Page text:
It really made me realize how lucky we were as this area is very prone to flash floods and just a couple of weeks before this the water coming over the falls was brown. Even a couple of days before we came it was raining here. As challenging as I found this hike, I can’t imagine having to deal with it in the rain yet too. As inviting as the pools below looked, my friend admitted to being pretty wiped out by now too, so instead of carrying on further down, we opted to hike back to the town. Because the hike that I expected to do in 5 hours took me 7 hours we did not have much time left and wanted to eat at the cafe before it closed. One really should not truly count on anything. Things close early. There are food shortages as everything has to come down by helicopter or mule. Just like the sudden flash floods, power outages can and do happen. The 24 room lodge was adequate with a good shower and 2 comfortable beds. No TV & certainly no hospitality, but in my opinion better than the campground option 2 miles away. The lodge room with tax was $165 whereas camping was cheaper but would have required pack mules & horses to bring down the gear for an additional $45 +tax each way. Altho the campground is near the falls, it is then a 2 mile hike back to the village. The permit fee per person to be anywhere on the reservation was $35 plus tax. It all seems high, but again, all supplies need to be hauled down and all trash hauled out. Supai is made up of many small houses, a cafe, a store, a post office, police station, church and an elementary school. The dusty trail winding thru the town was alive with stray dogs and children running about, yet it looked quite derelict, much like a small Mexican town. Some of the fenced in horses had some serious bony ribs showing.

I was quite distressed to see so much litter along the trail on the way down, especially the beer cans. No alcohol is allowed on tribal land and it showed such disrespect. We found these people to not want to make eye contact and not talk with us at all. We were treated as intruders and certainly not welcomed even though we were paying for this experience. There is no such thing as customer service and it was difficult to find out much information at all.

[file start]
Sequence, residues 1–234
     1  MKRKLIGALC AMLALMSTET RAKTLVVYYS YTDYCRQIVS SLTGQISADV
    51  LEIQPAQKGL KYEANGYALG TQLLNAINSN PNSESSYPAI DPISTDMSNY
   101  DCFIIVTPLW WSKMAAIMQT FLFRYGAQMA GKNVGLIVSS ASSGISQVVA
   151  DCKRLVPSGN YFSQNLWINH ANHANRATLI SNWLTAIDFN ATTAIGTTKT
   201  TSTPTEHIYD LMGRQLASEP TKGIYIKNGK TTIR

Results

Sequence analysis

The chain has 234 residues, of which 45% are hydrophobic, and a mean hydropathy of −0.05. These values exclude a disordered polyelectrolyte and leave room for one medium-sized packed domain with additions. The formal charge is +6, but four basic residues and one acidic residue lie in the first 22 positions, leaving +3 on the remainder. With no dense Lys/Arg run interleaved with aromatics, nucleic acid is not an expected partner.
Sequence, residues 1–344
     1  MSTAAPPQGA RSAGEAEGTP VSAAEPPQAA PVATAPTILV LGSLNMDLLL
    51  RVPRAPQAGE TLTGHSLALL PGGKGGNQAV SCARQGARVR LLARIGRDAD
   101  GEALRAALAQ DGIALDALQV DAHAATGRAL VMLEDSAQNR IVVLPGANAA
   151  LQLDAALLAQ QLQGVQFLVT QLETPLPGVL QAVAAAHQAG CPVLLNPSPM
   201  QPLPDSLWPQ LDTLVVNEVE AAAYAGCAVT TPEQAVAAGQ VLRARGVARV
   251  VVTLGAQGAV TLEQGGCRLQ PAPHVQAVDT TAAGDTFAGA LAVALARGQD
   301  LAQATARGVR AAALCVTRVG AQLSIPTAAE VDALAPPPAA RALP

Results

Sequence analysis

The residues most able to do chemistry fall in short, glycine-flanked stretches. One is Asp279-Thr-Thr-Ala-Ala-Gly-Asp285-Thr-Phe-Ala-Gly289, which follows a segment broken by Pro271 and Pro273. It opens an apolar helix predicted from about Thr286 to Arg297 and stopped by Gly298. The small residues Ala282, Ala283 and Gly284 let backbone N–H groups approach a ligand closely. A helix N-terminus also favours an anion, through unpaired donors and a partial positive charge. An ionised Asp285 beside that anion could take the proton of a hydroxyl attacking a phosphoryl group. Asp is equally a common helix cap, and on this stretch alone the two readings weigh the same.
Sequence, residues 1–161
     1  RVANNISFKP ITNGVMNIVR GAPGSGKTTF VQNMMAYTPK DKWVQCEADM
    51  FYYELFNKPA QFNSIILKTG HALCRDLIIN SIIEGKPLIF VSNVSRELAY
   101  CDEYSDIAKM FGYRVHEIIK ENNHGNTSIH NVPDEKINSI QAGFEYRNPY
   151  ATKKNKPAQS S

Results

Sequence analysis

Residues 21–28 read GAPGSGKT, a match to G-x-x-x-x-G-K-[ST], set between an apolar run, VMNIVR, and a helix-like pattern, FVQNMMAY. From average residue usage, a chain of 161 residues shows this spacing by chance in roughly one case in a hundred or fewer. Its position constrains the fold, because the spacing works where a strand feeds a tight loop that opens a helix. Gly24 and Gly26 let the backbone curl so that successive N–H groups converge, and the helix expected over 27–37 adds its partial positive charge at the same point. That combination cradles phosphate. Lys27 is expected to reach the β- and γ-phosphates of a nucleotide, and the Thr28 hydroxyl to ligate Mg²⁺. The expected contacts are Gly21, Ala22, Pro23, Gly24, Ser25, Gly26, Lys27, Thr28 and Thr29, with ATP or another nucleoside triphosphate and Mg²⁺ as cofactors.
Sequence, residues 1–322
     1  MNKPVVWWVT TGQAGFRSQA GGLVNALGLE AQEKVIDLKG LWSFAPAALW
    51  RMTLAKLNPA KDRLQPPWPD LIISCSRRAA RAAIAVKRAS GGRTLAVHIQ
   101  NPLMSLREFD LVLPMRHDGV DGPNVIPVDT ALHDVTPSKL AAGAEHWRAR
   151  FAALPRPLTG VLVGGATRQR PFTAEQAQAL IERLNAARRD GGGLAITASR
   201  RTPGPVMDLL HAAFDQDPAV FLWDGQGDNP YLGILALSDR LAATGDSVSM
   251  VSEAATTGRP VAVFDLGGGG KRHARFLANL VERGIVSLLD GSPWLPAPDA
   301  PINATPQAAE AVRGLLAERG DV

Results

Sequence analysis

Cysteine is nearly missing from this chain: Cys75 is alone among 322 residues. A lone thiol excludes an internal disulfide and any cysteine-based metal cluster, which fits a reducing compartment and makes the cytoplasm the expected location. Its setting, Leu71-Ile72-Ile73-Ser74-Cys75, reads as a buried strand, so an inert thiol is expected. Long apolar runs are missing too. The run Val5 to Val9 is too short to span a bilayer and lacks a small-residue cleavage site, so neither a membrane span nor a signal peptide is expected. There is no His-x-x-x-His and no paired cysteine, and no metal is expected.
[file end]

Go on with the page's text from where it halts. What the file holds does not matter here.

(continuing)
Which now brings me to our getting out the next day. We opted to take the helicopter and that is another challenge. No reservations are taken, they fly only on certain days, just have to sign up in the morning by the helipad, tribal members and vendors are served first, then tourists. The cost is suppose to be $85 each but was charged $90, probably again some kind of tax. Then just wait around as 6 go out at a time and it takes 15 minutes to get to the top. We signed up about 9:30 am and waited until almost 1 pm to get on a helicopter. If you are not there when they call your name, you may not be going at all. But I found it to be a good time to be talking with other tourists who were waiting. The flight out is awesome looking down at the trail we had hiked the day before and seeing the mule trains from above.

So was it worth a 12 mile hike in one day? Absolutely yes! Would I do it again? Maybe not. If I could have gotten them on the phone I could have tried to get a date to work with helicoptering in and out or tried for 2 nights so more time could have been spent at the falls. There are 2 more falls we didn’t go to. Mooney Falls has tunnels, chains, metal handholds and ladders to get to the bottom and then to go to Beaver Falls further on requires wading thru water.

I am trying to save judgement on the Havasupai people. Indeed they are not friendly. I have worked in Appalachia, Haiti, Mexico and been to many developing countries and know that we just have to accept their cultures and their way of life. We are the visitors.

I have been to some amazing waterfalls, Iguazu in Brazil/Argentina, Niagara in Canada, Yosemite Falls, Victoria in Zimbabwe/Zambia. I think waterfalls can make even the hardest hike worthwhile. Havasu Falls are indeed impressive and I feel so lucky that I got to see them.